Media

Here’s How Hollywood Keeps Women From Powerful Jobs

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“Women are not tapped for power jobs in Hollywood. Their numbers trail far behind the percentage of females in executive positions in other heavily male-dominated endeavors, including the military, tech, finance, government, science and engineering. In 2013, 1.9 percent of the directors of Hollywood’s 100 top-grossing films were female, according to a study conducted by USC researcher Stacy L. Smith. In 2011, women held 7.1 percent of U.S. military general and admiral posts, 20 percent of U.S. Senate seats and more than 20 percent of leadership roles at Twitter and Facebook — and both companies now face gender-discrimination lawsuits.”

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Disney’s Dying For Millennial Fans, But Can’t Let Its News Partners Do Their Own Thing

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“The cultures of the companies and Fusion have already clashed. For instance, according to two senior Fusion staff members, who spoke on the condition of anonymity, Disney put the organization on notice that it would not take kindly to coverage that might dent its standing with consumers. The warning came after Fusion published several stories based on documents that hackers stole from Sony.”

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Why Doesn’t Hollywood Cater More To Older Audiences? (They’re Growing)

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“According to a 2014 study of theatrical market statistics by the Motion Picture Association of America, the number of “frequent moviegoers” in the 60-plus demographic (that is, those who attend the cinema at least once a month) jumped almost 30 percent last year from 2013, to 5.3 million viewers. That is the highest level for the 60-plus demographic since 2010. Over the same period, attendance by frequent moviegoers ages 18 to 24 and 25 to 39 — still the dominant age groups, with annual attendance about 7 million each — continued to slide. But the pickings are sometimes slim for mature audiences looking for characters their age appearing in quality fare.”

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How Hollywood Has Failed The Great Comic Books

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“To love American cinema is to love comic-book movies, and to want better comic-book movies in the future. What made the first round of actual comic book movies from Superman (1978) to Batman (1989) so disheartening was that they were distinctly bad. They were bad for a number of reasons.”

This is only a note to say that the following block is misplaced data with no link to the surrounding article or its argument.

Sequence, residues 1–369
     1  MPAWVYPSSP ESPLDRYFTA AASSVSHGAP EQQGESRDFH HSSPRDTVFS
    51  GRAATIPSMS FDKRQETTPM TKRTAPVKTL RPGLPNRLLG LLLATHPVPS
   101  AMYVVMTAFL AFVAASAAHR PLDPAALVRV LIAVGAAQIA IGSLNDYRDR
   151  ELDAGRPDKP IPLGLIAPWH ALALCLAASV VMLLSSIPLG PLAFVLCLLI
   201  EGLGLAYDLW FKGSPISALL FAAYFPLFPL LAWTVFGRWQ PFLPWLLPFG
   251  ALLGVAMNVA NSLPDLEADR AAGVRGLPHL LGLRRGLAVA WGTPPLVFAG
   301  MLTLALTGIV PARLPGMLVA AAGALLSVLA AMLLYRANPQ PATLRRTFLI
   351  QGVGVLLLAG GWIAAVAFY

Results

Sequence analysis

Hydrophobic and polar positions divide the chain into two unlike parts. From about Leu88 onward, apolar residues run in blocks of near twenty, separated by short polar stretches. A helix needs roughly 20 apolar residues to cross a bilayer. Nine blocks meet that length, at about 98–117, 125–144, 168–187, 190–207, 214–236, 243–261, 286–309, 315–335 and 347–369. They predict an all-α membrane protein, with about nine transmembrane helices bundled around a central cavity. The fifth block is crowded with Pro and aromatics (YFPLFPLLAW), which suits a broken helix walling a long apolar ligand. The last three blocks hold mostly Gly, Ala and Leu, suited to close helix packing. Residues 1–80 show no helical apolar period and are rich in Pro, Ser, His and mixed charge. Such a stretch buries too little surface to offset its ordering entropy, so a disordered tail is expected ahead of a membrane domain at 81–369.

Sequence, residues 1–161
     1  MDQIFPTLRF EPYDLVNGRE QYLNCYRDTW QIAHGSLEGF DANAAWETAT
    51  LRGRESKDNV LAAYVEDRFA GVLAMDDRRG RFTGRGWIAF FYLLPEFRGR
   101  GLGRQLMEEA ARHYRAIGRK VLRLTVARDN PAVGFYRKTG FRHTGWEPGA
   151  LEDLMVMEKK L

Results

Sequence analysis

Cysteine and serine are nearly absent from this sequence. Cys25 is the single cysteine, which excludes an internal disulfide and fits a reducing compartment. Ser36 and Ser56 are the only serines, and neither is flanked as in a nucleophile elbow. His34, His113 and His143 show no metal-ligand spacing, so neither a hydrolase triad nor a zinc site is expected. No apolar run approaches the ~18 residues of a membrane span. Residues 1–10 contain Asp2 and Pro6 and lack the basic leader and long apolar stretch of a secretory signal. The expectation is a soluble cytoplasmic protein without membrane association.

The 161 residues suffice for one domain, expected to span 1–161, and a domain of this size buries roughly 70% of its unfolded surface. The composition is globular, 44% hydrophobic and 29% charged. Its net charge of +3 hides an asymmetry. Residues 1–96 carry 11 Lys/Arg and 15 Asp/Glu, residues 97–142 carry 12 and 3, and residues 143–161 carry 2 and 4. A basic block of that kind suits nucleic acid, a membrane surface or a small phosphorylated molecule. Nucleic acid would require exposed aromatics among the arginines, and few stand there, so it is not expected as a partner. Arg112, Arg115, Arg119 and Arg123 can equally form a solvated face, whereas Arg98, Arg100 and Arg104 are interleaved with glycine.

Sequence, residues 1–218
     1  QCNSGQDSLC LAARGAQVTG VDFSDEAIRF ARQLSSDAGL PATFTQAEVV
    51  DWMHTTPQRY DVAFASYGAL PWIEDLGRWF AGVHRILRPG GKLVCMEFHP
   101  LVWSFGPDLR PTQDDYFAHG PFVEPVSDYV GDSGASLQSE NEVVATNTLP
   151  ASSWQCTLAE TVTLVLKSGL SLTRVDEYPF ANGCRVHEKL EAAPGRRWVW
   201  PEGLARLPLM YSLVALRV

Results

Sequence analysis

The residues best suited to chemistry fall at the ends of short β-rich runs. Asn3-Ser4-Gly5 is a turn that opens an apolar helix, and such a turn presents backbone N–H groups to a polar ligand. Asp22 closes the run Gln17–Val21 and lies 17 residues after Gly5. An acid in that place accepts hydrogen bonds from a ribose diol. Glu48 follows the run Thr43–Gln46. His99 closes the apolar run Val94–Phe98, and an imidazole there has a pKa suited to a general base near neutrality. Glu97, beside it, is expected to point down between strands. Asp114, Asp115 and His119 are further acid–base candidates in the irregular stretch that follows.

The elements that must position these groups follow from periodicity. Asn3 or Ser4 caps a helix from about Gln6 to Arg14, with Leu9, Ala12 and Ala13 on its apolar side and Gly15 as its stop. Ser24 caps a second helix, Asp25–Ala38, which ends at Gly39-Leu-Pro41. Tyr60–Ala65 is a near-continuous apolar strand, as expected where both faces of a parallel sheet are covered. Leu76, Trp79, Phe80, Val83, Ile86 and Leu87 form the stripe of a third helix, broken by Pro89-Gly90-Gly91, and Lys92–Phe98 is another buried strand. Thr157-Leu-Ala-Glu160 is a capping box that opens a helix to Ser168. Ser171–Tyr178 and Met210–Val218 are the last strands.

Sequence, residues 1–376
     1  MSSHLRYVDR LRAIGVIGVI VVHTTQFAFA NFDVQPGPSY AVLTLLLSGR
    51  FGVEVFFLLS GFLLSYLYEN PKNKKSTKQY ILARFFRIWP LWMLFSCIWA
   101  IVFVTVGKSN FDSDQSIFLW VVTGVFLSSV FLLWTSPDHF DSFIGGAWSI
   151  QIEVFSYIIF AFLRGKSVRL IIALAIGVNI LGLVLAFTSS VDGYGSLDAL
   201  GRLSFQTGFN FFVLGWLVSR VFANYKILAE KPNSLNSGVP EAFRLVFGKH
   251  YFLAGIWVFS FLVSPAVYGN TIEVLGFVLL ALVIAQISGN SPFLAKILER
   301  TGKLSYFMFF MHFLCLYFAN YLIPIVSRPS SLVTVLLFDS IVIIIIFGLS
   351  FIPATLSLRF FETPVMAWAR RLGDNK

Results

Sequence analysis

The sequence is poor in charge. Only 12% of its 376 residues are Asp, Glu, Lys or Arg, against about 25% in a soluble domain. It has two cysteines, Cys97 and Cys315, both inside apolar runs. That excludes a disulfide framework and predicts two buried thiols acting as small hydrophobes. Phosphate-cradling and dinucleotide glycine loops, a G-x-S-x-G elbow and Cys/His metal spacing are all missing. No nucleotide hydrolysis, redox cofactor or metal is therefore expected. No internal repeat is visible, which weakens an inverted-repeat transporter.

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Heel-gate Ends: Cannes Film Festival Apologizes

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“We apologise. There was perhaps a small moment of over-zealousness,” Cannes Festival director Thierry Fremaux said, apparently referring to the security guards who prohibited women without heels from walking the festival red carpet.

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Pandora Buys Music Data Service To Track Popularity

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“Next Big Sound has quickly become a standard part of the analytical sphere of the music industry, digesting the ebbs and flows of artists’ popularity through activity on YouTube, Twitter, Wikipedia and elsewhere. It sells its analyses to record companies and other outlets, and its reports on music consumption are frequently cited by the music press.”

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How Pandora Can Make A Success In The Music Streaming Business

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“As is the case for most digital-media content providers, growth increasingly depends on maximizing the reams of data compiled about users — totalling some 79.2 million for Pandora as of March 31. For Pandora, advertising is especially important because the great majority of its users choose to listen to ads rather than pay for a subscription to avoid them.”

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Digital Companies Make Big Inroads At Tradition-Bound Cannes

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“Presentations by companies such as Netflix and virtual-reality outfit Oculus have been priorities for attendees. Agents who once never gave a second thought to nontraditional platforms are now courting them. Beefed-up teams from digital entities such as Amazon and Vimeo are pursuing rights with the zeal once reserved for studios like Universal Studios and Warner Bros.”

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Calls To Boycott ‘Mad Max: Fury Road’ From Furious Men’s Rights Advocates (Wait, What?)

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One anti-feminist blogger calls the action film starring Charlize Theron a “Trojan Horse [that] feminists and Hollywood leftists will use to insist on the trope women are equal to men in all things. … If you were like me, the explosions, fire tornadoes, even the symphonic score surrounding Fury Road‘s first trailer made your attendance a foregone conclusion. It looked like a straight-up guy flick.”

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What Exactly Makes The Shower Scene In ‘Psycho’ So Effective?